Department of Political Science


House speaker election: fight over McCarthy’s leadership exposed limits of Trump’s power

11 January 2023

Thomas Gift writes in The Conversation

Kevin McCarthy gives a speech after winning the Speaker elections. He is smiling in front of the USA flag

Written by Thomas Gift, Centre for US Politics.
Published 6 Jan 2023. The Conversation.


Kevin McCarthy has finally been elected speaker of the US House of Representatives after 15 gruelling votes – a longer process than has been needed than at any time since the civil war. Around 20 of his fellow Republicans had been refusing to approve his appointment to the role – one of the most powerful in US politics – and required numerous concessions to bring enough of them on board.

Republicans promised an obstructionist government. But they didn’t campaign on obstructing themselves. For a tiny minority of Republicans from ruby-red districts, sticking it to McCarthy has been the ultimate power play. Setting the party’s “establishment” on fire doesn’t just seem like a byproduct of the venture, more and more it looks to be the entire point.

Many experts, including former House speaker Newt Gingrich, predicted that the huffing and puffing of the anti-McCarthy camp would end with a prompt capitulation to party leadership before the first-round vote. Instead, they’ve sowed mayhem. McCarthy lacked a “Plan B” after offering concessions (and making threats) failed. By contrast, his rebel opponents came armed not only with a strategy — but one that successfully brought the House to a standstill.

Beyond Trump

While led by Trump acolytes, it’s important to stress that the anti-McCarthy campaign wasn’t a Trump-led plot. If anything, it exposed the limits of Trump’s power. Before the first speaker vote, Trump urged Republicans to rally behind McCarthy, who is the Republican leader in the House. After the initial standoff, he posted on Truth Social: “Vote for Kevin, close the deal.” However, Florida Representative Matt Gaetz, who once called Trumpism “the greatest show on earth”, dismissed the comments as “sad”. Lauren Boebert, the Trumpiest of Trump loyalists hit back: “Trump needs to tell Kevin McCarthy that sir … it’s time to withdraw.”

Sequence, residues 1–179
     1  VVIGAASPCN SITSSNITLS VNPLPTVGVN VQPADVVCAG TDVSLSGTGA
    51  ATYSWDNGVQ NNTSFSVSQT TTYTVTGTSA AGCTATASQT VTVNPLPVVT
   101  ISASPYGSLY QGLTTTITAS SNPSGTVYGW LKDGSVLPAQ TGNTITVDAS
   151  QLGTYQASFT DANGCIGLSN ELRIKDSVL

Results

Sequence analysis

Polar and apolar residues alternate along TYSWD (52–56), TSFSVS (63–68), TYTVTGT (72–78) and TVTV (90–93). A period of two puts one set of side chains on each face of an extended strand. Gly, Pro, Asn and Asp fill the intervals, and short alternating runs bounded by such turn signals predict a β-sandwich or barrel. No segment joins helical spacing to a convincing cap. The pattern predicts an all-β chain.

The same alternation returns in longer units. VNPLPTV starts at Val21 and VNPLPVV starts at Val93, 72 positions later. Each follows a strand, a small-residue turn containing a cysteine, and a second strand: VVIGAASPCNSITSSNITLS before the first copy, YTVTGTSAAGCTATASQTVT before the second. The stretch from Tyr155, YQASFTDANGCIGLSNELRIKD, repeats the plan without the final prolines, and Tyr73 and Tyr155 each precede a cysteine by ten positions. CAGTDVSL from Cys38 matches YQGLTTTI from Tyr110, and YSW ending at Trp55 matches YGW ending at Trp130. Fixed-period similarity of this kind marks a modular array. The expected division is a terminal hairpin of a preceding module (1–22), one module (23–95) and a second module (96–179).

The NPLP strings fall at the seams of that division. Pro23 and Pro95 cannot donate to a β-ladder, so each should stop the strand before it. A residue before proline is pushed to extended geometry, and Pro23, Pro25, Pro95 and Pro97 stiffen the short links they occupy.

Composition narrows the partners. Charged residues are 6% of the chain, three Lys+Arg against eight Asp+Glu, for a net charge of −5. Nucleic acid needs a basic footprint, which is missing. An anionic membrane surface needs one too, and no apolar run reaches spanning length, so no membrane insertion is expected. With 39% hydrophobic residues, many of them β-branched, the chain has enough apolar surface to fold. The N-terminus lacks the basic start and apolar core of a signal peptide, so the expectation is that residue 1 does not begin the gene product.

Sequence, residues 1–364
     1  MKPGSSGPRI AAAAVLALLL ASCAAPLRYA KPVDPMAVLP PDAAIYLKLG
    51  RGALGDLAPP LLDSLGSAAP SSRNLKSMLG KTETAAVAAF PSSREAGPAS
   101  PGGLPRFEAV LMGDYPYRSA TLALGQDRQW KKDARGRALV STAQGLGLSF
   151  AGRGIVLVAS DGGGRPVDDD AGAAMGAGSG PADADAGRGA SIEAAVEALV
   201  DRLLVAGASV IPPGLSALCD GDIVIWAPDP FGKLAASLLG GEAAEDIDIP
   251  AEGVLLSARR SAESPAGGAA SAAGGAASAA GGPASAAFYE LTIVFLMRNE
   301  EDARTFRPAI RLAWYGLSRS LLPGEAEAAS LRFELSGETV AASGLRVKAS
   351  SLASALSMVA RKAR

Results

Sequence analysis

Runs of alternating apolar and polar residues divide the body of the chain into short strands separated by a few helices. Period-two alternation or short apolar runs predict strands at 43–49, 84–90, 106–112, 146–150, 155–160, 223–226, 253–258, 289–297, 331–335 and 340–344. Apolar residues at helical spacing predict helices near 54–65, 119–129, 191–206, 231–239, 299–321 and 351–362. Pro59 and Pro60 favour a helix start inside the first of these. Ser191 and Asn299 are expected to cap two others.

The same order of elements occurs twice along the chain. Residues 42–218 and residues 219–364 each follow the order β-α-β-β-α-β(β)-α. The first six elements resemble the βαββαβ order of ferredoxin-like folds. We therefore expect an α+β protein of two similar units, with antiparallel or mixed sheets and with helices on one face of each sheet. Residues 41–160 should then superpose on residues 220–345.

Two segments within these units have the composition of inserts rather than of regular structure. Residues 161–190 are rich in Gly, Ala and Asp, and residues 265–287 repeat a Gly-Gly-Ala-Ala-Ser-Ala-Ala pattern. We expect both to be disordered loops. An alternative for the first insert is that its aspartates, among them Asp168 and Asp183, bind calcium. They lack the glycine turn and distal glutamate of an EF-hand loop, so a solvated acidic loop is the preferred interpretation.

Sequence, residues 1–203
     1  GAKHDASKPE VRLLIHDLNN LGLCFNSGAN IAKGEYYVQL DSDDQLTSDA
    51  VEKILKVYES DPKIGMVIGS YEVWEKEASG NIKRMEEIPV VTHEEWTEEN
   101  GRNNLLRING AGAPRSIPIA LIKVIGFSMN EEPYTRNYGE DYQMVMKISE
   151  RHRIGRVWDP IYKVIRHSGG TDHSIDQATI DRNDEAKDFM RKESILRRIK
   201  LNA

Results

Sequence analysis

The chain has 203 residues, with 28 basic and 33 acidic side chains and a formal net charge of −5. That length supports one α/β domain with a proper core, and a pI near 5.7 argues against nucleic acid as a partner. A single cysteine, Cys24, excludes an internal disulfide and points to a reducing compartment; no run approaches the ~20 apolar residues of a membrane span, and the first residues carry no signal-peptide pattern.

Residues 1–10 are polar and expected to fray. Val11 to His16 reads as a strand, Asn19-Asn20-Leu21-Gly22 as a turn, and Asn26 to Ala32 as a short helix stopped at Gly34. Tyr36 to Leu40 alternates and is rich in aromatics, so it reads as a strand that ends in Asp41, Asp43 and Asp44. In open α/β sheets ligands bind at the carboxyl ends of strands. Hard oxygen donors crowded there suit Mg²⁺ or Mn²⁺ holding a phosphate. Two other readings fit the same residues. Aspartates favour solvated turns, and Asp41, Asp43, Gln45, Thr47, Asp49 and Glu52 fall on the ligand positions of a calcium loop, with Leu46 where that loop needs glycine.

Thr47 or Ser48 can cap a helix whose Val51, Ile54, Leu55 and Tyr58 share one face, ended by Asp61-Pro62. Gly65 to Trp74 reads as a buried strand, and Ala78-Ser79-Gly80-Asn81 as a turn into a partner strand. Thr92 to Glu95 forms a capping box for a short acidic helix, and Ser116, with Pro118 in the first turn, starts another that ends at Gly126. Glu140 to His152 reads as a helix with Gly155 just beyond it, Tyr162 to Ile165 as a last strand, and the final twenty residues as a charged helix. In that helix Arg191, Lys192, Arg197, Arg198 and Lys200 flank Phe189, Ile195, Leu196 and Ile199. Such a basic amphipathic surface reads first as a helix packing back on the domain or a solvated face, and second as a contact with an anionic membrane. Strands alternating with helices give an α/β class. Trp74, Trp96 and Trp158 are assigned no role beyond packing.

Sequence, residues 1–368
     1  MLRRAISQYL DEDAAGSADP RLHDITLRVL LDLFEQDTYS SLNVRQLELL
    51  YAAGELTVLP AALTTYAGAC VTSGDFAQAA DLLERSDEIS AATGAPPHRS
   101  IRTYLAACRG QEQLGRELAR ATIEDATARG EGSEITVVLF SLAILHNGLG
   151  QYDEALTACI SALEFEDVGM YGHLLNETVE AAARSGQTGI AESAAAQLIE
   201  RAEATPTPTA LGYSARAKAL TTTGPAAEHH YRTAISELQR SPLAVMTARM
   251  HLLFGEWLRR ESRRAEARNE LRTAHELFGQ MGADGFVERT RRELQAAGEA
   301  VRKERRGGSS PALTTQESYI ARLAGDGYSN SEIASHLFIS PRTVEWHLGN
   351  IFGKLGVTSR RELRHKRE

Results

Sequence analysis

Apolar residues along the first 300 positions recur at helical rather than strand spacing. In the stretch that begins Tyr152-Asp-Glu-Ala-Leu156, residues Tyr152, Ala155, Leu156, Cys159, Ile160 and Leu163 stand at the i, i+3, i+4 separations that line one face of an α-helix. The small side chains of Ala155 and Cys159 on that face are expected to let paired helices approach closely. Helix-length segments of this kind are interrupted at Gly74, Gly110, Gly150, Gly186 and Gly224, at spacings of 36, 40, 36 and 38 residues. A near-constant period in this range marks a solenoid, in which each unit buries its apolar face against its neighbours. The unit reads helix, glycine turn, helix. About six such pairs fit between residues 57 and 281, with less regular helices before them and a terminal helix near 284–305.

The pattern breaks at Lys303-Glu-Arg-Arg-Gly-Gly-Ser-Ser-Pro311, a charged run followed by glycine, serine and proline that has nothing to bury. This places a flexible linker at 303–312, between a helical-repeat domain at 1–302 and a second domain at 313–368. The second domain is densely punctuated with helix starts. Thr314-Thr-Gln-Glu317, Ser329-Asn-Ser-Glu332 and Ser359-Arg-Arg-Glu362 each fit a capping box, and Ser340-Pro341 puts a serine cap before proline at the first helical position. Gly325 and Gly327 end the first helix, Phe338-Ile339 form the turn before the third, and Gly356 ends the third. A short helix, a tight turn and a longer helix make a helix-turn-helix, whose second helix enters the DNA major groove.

An irony of the speaker fiasco is that it has featured extreme elements of the Republican party exerting power in the wake of the midterm elections in which their raison d’être – blowing up “the system” – had been roundly rejected. The 2022 midterms were defined by nothing if not a repudiation of election-denying firebrands and extreme Make America Great Again (MAGA)-types. And yet, some of the central players in that movement, including those who made a name for themselves by defending January 6, have also played starring roles in efforts to stoke bedlam in the fight over the speaker’s gavel.

The quarrel has proven that, despite setbacks, many Republicans both in Washington and in the GOP voter base still can’t get enough of the flame-throwing. Some have radicalised even beyond the far-reaches of TrumpismGerrymandering, which creates safe electoral seats, coupled with primaries in which the incentive is to court the extreme fringes of the base, means that right-wing efforts to shake up Capitol Hill won’t just peter out. In the long run, the goal is “to deal a blow against a Republican system that’s hostile to conservatives,” declared Virginia Representative Bob Good.

Still united against Biden

Conventional wisdom is that the hangover from the speaker fiasco will hobble House Republicans out of the gate, limiting their ability to govern. Yet with Joe Biden in the Oval Office and a Democrat-controlled Senate, it’s worth staying clear-eyed about the reality: governing was never the plan. Instead, the priorities will remain stymieing the White House agenda and holding Biden’s feet to the fire. Here, it’s hard to argue that Republicans aren’t four-square behind bloodying the president’s nose.

Any hopes that Biden has of pushing through more big ticket policies are no less dead on arrival just because Republicans delayed selecting a House speaker. Moreover, few items make the whole of the GOP salivate more than probing the hard drive of the president’s son Hunter, or digging into a litany of other controversies, from the origins of COVID-19, to the crisis at the US-Mexico border, to the Pentagon’s withdrawal from Afghanistan.

The speaker debacle has further bruised the reputation of Republicans. It’s exposed, more than caused, deep chasms between the “establishment” and “ultra-MAGA” wings of the party. The rifts won’t heal overnight, and there’s likely more bad blood to come. Intra-party retribution behind the scenes seems inevitable. All of this occurred because of another humiliation — the “red wave that wasn’t” in November’s midterms — which gave McCarthy a much slimmer majority than expected.

House Democrats have been emboldened from the sidelines by watching their opponents eat their own. But it’s possible to overstate the practical consequences for governing, and to exaggerate how much Republicans are on the back foot. Gridlock will still be the watchword in Washington for two years, and no amount of Republican infighting will keep its members’ eyes off the prize: embarrassing Biden, retaking the White House, and regaining a majority in Congress in 2024.

Read the article on The Conversation